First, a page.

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from NAMI.org
Congressional Budget Bill a Mixed Bag This past weekend Congress passed a spending bill that covers the rest of the 2015 fiscal year. Here's how it will impact funding for mental health.
People with Mental Illness in the Criminal Justice System: A Cry for Help
Emotional Eating: When Food = Love
Stopping the Holidays from Getting You Down
-more at NAMI.org-
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NAMI's Outreach to Faith Communities

Welcome!

NAMI FaithNet is a network of NAMI members and friends dedicated to promoting caring faith communities and promoting the role of faith in recovery for individuals and families affected by mental illness. This site is a reflection of a closer partnership between NAMI, NAMI State Organizations and NAMI Affiliate leaders.

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Grassroots Tools

NAMI FaithNet is proud to offer two programs and guides to assist NAMI Affiliate and State Organization grass root leaders with their faith outreach efforts. Learn more about Reaching Out to Faith Communities and Bridges of Hope.


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Alternatively, you can read back issues of NAMI FaithNet from the archives.


Who is Upstream Pushing Them In?

Saving Them Upstream

By Amy Rubin, Director of Community Services for Jewish Child & Family Services

People in need often turn to their faith leaders and faith community for help. As a young domestic violence advocate I learned this reality first hand, and it guides the work I now lead at Jewish Child & Family Services.

JCFS’s mission articulates the agency’s commitment to services that are “infused with Jewish values.” Community Services programming is imbued with Jewish cultural competencies and religious tenets. The education, support and advocacy we provide leaders is meant to heighten knowledge and comfort. When someone turns to a rabbi, synagogue board president, fellow congregant, teacher, camp counselor or youth group leader, they are prepared to respond. We introduce conversations about addiction, illness, bereavement, domestic or sexual violence, infertility and trauma issues that are easier to talk about from a proactive, prevention perspective than when in the midst of a crisis.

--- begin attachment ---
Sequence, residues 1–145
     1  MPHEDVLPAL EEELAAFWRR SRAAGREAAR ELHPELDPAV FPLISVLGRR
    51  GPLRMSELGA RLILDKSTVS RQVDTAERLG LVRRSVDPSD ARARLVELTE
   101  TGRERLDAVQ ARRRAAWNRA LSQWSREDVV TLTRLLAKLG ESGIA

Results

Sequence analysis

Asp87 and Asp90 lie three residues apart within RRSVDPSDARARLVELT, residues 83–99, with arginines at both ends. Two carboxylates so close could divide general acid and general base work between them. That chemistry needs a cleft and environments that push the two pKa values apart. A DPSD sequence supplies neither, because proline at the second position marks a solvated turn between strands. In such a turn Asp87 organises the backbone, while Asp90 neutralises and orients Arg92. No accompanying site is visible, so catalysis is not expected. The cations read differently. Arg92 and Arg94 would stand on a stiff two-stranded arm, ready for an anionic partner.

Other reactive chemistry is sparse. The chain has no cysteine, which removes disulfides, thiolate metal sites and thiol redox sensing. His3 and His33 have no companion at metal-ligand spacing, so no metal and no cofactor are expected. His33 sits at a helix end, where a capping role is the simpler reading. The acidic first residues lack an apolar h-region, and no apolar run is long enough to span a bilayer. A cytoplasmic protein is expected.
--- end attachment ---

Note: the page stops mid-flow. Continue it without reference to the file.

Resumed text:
Community Services convenes educational programming instead of trainings. We don’t tell faith leaders what they should do. Instead, we collaborate with them to perpetuate safe, healthy Jewish homes and families. We continually assure them that there is ample capacity and sensitivity to engage with stakeholders across Jewish denominational lines and religious observance.

We keep our focus on the ultimate goal, which is illustrated by this adaptation of a public health parable by John McKinlay:

I am standing by the shore of a swiftly flowing river and hear the cry of a drowning man. I jump into the cold water, fight against the current and force my way to him. I hold on hard and gradually pull him to shore. I lay him out on the bank and revive him with artificial respiration. Just when he begins to breathe, I hear another cry for help, this time from a woman. Again, I jump into the water. I lift her out beside the man and work to resuscitate her. As soon as she breathes, I hear third cry for help: a child. Because I am tired, it takes great effort go after him. The cries keep on coming. Now exhausted, it occurs to me that I'm so busy jumping in, pulling one person after another to shore, there is no time to consider: who is upstream pushing them all in?

Jewish people are commanded to accept the obligation of tikkun olam, meaning repairing the world. Those of us who devote our lives to caring for others have days when that responsibility is daunting and we are overwhelmed by the seemingly endless numbers who need to be pulled to shore. That’s when Community Services travels upstream to identify the issues involved, engage and educate community leaders, and collaborate on appropriate strategies to cope with the situation.

That’s when our community has to face the big, systemic questions, and when we move a little closer to that ultimate goal: a safer, healthier world.

To learn more about JCFS Community Services programming and our upstream strategies, email Amy Rubin.



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